By Solomon O. Smith
Avocado trees, water conservation and wildfire worries were the subjects for last Saturday’s special Urban Gardening Workshop, organized by the L.A. Sanitation department.
The monthly workshop, hosted by Sylmar Charter High School teacher and horticultural expert Steve List, is part of a series of public talks on gardening held on the fourth Saturday of the month, from 9 a.m. to 11 a.m., at the Lopez Canyon Environmental Education Center in the San Fernando Valley. Saturday’s workshop was a special edition with guest speaker Luz Rivas, the California state assemblywoman for the 39th district and chair of the California State Assembly Committee on Natural Resources.
“I like to come to talk to groups to tell them what’s going on in Sacramento,” said Rivas. “Because a lot of times people have no idea what we do in the state capitol for you.”
Rivas, a native of the San Fernando Valley, touted several new bills she helped pass; Assembly Bill 1832 the California Seabed Mining Prevention Act, and SB54 Plastic Pollution and Packaging Producer Responsibility Act. She also announced the procurement of $17.5 million from the state’s budget allotted for two special projects: a footbridge at the Pacoima Wash and the expansion of the biotech program at Mission College.
Listeners were more concerned with fire safety in the local community than Rivas’ accomplishments in Sacramento, however. Audience members asked about more fire stations and complained about the lack of fire maintenance on freeways. One constituent asked about the lack of fire departments in parts of the Sylmar area, which is covered by Los Angeles Fire Station 91.
“If there were to be a fire here, I know that other stations would come and help,” she noted, “but we only have one and Sylmar’s growing.”
Jason Hector asked about wildland specifically around the 118 Freeway. Hector is the secretary for the Porter Ranch Neighborhood Council which has written to several state and local representatives about the plants placed alongside freeways by Caltrans. They have asked for more water-conserving, burn-resistant local flora, but have yet to get any response.
“Look at what they’re planting, they should be planting more native stuff,” said Hector. “It takes longer to establish but once it establishes it doesn’t need as much water and is better for the environment.”
Rivas acknowledged that Caltrans is not as “fast as we’d like” but is a large agency that can be slow to react. Caltrans has a budget of almost $20 billion and over 22,000 employees service highways, bridges, airports and rails across the state, according to their website. Rivas told the audience that she is working with Caltrans.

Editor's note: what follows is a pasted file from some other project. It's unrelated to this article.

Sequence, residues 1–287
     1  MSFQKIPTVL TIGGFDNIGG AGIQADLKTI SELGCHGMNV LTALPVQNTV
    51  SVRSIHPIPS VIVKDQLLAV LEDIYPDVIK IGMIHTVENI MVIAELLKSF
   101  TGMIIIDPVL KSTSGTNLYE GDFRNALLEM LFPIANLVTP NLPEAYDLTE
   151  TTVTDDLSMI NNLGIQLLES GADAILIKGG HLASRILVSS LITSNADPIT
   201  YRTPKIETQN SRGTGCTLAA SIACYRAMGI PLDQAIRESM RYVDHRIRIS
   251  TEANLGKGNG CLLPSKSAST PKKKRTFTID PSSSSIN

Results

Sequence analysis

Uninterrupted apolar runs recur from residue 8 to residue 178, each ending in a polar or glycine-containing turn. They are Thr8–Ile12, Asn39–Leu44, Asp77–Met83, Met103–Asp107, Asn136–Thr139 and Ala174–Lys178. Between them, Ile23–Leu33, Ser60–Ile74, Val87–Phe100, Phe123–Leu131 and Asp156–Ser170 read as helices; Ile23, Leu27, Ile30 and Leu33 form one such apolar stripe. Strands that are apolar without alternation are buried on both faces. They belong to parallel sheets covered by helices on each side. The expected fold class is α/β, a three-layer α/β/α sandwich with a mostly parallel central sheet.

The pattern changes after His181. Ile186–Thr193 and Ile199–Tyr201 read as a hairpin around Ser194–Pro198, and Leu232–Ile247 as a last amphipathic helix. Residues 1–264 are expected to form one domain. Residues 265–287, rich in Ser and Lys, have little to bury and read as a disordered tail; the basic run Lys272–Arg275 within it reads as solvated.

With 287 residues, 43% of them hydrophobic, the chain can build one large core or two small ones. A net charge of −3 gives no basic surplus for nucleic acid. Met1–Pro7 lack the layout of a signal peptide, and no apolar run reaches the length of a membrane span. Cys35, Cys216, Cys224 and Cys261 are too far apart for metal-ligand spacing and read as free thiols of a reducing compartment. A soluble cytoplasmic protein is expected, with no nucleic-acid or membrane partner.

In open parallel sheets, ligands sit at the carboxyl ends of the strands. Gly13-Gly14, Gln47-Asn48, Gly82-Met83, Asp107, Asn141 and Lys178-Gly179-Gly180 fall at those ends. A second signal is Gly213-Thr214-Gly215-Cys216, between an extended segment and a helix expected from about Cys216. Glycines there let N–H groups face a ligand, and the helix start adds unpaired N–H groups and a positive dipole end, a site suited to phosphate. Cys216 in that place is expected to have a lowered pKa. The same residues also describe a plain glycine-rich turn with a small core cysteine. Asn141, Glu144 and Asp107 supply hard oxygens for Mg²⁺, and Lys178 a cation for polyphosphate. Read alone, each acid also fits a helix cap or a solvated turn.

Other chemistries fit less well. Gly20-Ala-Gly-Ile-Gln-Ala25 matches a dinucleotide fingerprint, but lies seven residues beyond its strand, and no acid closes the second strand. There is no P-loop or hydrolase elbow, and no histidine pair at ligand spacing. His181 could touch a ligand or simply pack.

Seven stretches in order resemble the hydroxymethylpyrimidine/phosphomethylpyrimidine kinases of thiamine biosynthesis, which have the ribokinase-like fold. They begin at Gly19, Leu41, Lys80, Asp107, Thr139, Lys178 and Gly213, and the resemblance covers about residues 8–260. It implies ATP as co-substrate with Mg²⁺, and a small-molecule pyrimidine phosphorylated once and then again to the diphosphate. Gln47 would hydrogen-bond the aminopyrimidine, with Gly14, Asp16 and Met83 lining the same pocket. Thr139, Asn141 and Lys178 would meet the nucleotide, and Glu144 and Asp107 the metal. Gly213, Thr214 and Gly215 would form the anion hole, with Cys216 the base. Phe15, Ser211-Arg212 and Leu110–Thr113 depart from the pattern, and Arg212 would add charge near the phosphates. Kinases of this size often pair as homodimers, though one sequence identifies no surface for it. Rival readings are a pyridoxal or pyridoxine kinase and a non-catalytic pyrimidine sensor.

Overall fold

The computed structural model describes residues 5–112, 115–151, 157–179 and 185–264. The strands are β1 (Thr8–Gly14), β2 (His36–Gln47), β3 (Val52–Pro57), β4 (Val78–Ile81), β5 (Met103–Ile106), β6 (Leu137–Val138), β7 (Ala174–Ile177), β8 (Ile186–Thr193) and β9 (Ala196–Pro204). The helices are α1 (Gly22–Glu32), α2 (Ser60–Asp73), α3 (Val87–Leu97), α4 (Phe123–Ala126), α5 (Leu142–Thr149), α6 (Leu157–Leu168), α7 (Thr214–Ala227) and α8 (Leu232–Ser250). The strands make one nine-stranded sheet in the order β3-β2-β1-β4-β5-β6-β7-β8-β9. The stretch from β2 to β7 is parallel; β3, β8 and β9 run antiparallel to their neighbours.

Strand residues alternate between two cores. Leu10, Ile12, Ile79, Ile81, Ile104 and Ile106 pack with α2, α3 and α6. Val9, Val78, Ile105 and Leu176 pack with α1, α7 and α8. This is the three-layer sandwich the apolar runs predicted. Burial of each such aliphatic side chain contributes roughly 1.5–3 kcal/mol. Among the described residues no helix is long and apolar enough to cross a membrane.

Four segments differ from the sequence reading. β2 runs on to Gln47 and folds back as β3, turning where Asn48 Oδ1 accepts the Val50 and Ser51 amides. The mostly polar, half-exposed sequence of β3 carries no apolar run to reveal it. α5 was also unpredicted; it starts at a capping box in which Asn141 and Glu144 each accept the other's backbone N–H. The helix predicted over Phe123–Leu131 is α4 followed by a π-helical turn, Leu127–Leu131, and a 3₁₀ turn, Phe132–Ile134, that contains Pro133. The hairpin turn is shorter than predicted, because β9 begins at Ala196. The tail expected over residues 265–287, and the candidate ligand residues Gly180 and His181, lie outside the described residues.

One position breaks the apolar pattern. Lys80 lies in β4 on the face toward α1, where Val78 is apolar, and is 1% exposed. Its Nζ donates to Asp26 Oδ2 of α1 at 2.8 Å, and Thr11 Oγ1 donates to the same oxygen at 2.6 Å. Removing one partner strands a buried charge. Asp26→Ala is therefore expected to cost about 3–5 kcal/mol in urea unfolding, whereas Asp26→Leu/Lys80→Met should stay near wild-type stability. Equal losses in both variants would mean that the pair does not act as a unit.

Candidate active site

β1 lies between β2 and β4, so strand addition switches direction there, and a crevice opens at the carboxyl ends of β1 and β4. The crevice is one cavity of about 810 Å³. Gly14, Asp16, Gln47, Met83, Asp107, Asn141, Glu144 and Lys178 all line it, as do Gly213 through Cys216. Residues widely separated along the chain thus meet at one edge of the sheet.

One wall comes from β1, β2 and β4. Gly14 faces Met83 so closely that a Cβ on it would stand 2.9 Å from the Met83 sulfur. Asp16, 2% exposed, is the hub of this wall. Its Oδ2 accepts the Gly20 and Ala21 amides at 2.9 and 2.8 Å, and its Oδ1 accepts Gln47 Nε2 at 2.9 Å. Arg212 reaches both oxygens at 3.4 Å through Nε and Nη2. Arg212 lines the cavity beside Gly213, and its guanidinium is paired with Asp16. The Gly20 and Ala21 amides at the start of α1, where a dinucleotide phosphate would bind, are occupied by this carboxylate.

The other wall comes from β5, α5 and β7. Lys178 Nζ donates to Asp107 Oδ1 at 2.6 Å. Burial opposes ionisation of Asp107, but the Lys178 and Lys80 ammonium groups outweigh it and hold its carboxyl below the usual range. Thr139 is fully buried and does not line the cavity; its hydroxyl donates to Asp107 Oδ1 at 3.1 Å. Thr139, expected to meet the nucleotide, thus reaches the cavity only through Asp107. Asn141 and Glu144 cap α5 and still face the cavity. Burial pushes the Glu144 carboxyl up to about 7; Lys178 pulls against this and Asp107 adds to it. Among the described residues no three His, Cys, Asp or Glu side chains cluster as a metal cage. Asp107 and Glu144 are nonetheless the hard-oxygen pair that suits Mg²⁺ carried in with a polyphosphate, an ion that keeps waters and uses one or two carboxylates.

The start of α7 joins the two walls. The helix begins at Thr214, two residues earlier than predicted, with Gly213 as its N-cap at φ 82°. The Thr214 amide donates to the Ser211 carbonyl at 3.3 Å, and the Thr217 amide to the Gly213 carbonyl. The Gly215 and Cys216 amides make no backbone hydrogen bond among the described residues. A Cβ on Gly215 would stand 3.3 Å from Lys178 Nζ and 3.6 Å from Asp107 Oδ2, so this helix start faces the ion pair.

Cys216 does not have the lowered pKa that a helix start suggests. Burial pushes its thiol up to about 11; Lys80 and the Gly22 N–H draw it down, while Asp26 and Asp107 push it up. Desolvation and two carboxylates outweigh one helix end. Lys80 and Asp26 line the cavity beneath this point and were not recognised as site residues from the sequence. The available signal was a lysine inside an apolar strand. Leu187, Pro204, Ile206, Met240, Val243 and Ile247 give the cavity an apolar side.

“We’ve had a lot of challenges, in the four years that I’ve been elected, from Caltrans,” said Rivas, “but it is something that I continue to push with the leadership at Caltrans, even in Sacramento.”
These concerns about fire safety and water conservation were an important part of the general underlying message from most of the speakers. Robert Lepe, head gardener for the city of Los Angeles emphasized recycling organic material, normally seen as waste, into useful nutrients for plants. Composting helps aid in water retention, decreases water usage and repurposes organic materials slated for the dump into reusable materials. Lepe explained the process of composting and how beneficiary insects are in the process. The Lopez Canyon Environmental Education Center provides free topsoil and mulch every day from 9 a.m. to 5 p.m. The materials are produced from organic waste collected by the city, some of it from the green trash bins assigned to every home.
“We’ve got rid of all the hazardous materials, materials that shouldn’t be there,” said Lepe, “all the recyclables, we take everything out of it. And we just give all the green stuff back.”
Avocados were still the star of the show and List spoke and answered questions on how to plant them. The expert speaker brought in to answer questions and dive into the nuance of planting them was Daniel Nelson of Evarde Growers. Nelson has over 25 years of planting avocados and other fruit trees and has given public talks about planting and growing fruit trees. His company donated 200 avocado plants, a value of about $2,000 dollars, which were given away at the end of the workshop.
List closed out the workshop with a raffle, giving away an assortment of items like small fruit trees, garden plants and water collection barrels. His monthly tips are not relegated to just the city. List has his own website, Ask Mr. List, where he provides free tips on planting and gardening and has developed a fan base. His service as a high school teacher also inspired a love for gardening in others.
Fred Rodriguez was a former high school student of List who used gardening to keep himself out of trouble. Rodriguez now wants to start his own gardening business. Meeting with List after the workshop was something that he had been looking forward to for years, and the two finally got to speak about how List had been an inspiration for Rodriguez.
“The moment I realized, you know, this is something I want to do in my life,” said Rodriguez, “it’s because of something that he taught me when I was in high school.”